Not only are vegetables important, but you also need a good balance of macronutrients—protein, carbohydrates, and healthy fats. Gallo recommends the following ratio as a general guideline to make sure your meal prep is well proportioned: “Half of your container [should be] non-starchy veggies (any veggies that aren’t potato, sweet potato, or corn). Aim for two handfuls as a guide. A quarter of your container [should be] lean protein; aim for a mix of lean beef, chicken, and fish.” Gallo says that a serving of red meat is the size of your palm, chicken is slightly bigger than that, and fish is the size of your whole hand.

Gallo continues: “A quarter of your container [should be] carbs/starchy veggies. These include potato or sweet potato, corn, rice (aim for brown or basmati), quinoa, pasta, or noodles. Aim for low GI when available. Ideally, a serving is the size of your fist.”

Low recommends doing the “plate check.” If you find that your plate is dominated by one ingredient such as the carb source, you may want to balance it out with more vegetables. She adds, “The portions will [also] depend on the type of diet you are following and recent activity (amount and type). If you have a medical condition or are an athlete, you will have specific needs that will affect the construction of your meal.”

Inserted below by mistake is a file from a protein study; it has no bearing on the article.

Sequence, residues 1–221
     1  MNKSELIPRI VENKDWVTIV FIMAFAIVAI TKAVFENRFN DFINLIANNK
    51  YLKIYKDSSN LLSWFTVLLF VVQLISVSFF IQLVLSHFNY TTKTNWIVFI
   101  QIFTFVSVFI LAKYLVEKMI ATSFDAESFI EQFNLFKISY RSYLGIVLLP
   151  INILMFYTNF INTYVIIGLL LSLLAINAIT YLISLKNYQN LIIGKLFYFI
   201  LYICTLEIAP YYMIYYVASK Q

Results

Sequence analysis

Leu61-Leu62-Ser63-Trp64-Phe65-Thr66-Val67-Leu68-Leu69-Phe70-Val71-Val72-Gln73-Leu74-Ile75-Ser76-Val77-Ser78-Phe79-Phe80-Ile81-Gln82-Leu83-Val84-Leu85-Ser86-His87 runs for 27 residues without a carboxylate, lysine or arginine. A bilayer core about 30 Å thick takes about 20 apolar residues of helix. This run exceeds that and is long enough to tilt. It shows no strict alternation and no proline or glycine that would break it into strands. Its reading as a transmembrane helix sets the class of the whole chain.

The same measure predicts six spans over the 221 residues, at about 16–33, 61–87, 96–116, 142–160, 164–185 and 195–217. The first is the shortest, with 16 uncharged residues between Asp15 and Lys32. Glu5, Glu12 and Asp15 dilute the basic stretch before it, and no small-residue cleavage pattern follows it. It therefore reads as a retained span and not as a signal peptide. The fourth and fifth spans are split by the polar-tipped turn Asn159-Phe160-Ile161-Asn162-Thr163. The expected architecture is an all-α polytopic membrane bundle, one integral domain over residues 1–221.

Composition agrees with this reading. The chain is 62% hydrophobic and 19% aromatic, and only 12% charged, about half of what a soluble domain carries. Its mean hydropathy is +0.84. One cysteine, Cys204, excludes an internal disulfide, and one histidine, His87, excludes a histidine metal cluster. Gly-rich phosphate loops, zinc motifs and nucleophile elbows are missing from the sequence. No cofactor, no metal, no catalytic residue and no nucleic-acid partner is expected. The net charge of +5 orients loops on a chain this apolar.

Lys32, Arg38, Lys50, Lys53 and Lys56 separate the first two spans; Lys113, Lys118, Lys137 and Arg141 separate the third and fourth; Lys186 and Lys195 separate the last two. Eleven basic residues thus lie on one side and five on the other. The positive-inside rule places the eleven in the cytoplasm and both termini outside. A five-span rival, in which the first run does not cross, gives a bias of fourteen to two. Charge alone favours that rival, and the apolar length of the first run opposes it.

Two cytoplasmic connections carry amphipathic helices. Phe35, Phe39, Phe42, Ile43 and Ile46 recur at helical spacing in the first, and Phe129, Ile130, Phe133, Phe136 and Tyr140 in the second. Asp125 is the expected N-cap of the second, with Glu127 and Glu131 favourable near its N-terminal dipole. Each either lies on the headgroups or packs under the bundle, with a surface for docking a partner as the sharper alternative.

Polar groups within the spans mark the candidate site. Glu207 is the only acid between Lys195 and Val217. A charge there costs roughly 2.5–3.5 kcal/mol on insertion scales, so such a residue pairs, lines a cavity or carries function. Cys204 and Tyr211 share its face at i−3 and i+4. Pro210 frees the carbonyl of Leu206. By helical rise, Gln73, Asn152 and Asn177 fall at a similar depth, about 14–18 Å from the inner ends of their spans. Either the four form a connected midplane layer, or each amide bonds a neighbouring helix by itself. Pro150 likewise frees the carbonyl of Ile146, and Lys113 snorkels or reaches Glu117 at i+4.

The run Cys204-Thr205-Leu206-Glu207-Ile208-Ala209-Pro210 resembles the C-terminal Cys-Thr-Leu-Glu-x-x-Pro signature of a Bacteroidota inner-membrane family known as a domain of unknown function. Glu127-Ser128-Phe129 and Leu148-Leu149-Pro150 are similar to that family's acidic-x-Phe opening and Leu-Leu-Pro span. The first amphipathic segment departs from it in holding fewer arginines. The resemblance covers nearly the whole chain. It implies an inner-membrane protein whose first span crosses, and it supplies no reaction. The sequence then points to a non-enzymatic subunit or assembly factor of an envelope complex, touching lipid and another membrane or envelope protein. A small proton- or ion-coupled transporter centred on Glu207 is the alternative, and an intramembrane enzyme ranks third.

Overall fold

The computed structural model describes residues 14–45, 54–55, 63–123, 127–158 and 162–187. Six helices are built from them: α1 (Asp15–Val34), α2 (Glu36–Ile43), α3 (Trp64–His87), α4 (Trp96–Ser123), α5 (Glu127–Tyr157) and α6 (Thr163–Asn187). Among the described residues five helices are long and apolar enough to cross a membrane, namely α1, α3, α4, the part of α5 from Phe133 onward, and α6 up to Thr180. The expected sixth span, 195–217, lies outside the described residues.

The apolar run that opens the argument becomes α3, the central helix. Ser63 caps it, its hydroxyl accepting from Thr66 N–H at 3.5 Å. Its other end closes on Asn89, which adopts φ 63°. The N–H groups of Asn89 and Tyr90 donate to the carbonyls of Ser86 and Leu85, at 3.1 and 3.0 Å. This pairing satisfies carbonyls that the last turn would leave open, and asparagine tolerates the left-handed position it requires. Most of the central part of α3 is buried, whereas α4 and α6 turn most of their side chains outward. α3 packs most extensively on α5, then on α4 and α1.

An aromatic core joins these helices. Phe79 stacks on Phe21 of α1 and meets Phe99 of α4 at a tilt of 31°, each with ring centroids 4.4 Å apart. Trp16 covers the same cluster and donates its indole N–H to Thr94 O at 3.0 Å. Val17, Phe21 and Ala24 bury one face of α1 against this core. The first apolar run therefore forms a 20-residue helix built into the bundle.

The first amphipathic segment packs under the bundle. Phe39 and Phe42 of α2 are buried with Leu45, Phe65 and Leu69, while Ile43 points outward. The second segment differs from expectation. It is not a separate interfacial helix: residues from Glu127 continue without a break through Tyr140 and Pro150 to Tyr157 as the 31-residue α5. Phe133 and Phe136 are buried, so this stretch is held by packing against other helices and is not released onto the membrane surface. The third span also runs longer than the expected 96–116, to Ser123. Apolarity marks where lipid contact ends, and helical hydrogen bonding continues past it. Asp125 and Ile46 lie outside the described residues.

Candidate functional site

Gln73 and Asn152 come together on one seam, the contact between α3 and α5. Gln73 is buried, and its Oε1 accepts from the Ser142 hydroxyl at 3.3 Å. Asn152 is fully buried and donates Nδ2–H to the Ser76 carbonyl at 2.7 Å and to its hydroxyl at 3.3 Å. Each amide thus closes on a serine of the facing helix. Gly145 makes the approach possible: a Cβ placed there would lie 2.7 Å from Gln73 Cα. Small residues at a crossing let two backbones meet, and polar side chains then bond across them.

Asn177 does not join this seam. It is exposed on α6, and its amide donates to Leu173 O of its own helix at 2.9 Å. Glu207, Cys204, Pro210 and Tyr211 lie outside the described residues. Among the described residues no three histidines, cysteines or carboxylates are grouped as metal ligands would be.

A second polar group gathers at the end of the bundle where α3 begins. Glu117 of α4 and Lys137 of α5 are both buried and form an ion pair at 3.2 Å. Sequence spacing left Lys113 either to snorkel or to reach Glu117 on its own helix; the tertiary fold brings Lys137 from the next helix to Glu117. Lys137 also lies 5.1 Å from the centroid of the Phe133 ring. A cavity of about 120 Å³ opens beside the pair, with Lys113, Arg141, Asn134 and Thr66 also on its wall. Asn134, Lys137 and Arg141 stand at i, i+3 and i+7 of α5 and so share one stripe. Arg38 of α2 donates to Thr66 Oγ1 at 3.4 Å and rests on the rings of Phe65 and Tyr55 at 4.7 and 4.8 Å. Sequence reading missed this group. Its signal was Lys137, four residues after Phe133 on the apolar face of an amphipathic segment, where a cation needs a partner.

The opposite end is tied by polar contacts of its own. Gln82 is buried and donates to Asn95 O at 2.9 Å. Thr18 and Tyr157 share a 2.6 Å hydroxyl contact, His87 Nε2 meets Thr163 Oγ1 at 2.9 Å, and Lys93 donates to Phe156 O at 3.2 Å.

You’re either not making enough or making too little.

When you meal prep for the next few days or even a week in advance, it can be hard to make the correct number of servings. If you’re new to this, it’s fairly common to prep either too much food or too little. If you’re throwing away food or trying to stretch the little vegetables you have left at the end of the week, then the key is to get organized.

Gallo advises calculating the number of meals you’re making as well as the serving size of each component of each meal before you start cooking. This way, you actually cut down on meal prep time because you already have everything sorted.